How mathematicians define the concept of logic for the purposes of Classical Logic?
Also, how do philosophers and mathematicians at different period in history defined the word "logic", if they did?
What is logic for academics?
I put here various claims about Classical Logic which can be found on this forum:
The convention about the material conditional is one of the things that makes classical logic classical.
"By the convention about the material conditional, when the premise is false the conditional is true." It is not merely a convention; it is a provable fact of classical logic.
What is generally now called Classical logic is the framework that is thought to encapsulate both the Predicate calculus formalism and the compositional aspect that a structured, two-valued algebra of logic gave us in the propositional case.
LEM (Law of Excluded Middle) (...) is central to classical logic
in Classical Propositional Logic, True and False are understood as forming a two-valued Boolean Algebra
Also, Wikipedia says that Classical logic is also called “standard logic” and that it is the one formal system which is the most studied and used. It gives its defining characteristics as follows:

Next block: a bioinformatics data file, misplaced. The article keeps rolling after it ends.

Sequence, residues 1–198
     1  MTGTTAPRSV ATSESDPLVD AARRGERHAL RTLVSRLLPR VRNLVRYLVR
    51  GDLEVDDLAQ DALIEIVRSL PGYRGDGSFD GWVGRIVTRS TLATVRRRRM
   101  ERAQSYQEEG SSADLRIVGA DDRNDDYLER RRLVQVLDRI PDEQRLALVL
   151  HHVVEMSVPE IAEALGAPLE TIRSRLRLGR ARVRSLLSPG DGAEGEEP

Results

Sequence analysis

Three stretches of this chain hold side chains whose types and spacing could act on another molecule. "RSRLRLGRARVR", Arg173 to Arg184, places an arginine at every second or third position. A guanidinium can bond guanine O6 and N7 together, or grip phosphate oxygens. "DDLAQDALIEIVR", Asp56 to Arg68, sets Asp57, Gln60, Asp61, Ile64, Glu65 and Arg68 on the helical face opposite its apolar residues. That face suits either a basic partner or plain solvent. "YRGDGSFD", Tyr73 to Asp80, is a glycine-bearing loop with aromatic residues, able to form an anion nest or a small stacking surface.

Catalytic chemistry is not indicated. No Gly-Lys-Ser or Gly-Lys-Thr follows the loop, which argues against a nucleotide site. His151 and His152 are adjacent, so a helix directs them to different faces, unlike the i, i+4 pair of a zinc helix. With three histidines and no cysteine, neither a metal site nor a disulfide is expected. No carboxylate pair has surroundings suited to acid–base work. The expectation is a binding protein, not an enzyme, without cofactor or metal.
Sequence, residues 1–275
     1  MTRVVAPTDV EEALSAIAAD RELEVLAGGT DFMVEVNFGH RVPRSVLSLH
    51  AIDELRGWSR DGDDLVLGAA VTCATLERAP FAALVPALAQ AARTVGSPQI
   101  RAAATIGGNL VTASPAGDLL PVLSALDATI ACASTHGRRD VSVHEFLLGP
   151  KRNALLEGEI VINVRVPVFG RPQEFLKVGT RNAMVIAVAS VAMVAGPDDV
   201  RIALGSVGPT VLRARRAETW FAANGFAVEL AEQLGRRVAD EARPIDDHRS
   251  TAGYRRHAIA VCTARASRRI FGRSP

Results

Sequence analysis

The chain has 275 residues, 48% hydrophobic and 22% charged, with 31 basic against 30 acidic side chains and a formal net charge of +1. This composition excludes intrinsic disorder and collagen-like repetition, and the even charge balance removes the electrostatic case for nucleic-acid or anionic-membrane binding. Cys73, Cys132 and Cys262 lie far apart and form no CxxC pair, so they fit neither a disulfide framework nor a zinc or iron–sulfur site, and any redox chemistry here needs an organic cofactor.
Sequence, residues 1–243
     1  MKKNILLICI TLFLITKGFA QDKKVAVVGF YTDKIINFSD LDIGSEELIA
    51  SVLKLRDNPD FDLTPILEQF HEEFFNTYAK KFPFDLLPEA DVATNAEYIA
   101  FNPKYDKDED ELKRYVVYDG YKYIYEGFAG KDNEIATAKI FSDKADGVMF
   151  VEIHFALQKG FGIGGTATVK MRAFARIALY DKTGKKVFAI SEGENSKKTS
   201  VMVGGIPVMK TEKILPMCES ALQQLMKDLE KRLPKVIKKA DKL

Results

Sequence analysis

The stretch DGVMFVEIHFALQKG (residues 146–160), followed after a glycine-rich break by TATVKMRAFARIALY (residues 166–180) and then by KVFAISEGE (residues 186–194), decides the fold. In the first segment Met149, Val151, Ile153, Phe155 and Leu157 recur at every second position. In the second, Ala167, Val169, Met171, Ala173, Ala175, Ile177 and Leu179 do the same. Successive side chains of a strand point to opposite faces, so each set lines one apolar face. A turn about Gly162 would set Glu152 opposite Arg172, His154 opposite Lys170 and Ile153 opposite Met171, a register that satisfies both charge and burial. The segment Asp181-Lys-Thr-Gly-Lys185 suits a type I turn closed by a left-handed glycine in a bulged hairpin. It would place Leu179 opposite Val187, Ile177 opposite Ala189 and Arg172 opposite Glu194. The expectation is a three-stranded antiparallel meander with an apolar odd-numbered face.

- Law of excluded middle (LEM)
- Double-negation elimination
- Law of non-contradiction (LNC)
- Principle of Explosion (PoE)
- Monotonicity of entailment (MoE)
- Idempotency of entailment (IoE)
- Commutativity of conjunction
- De Morgan’s Laws
MoE says that if a sentence follows from a set of sentences, then it also follows from any superset of these sentences. A corollary is that a valid argument cannot become invalid by the addition of new premises.
IoE says that if a consequence follows, it also follows when any number of instances of an existing premise are added.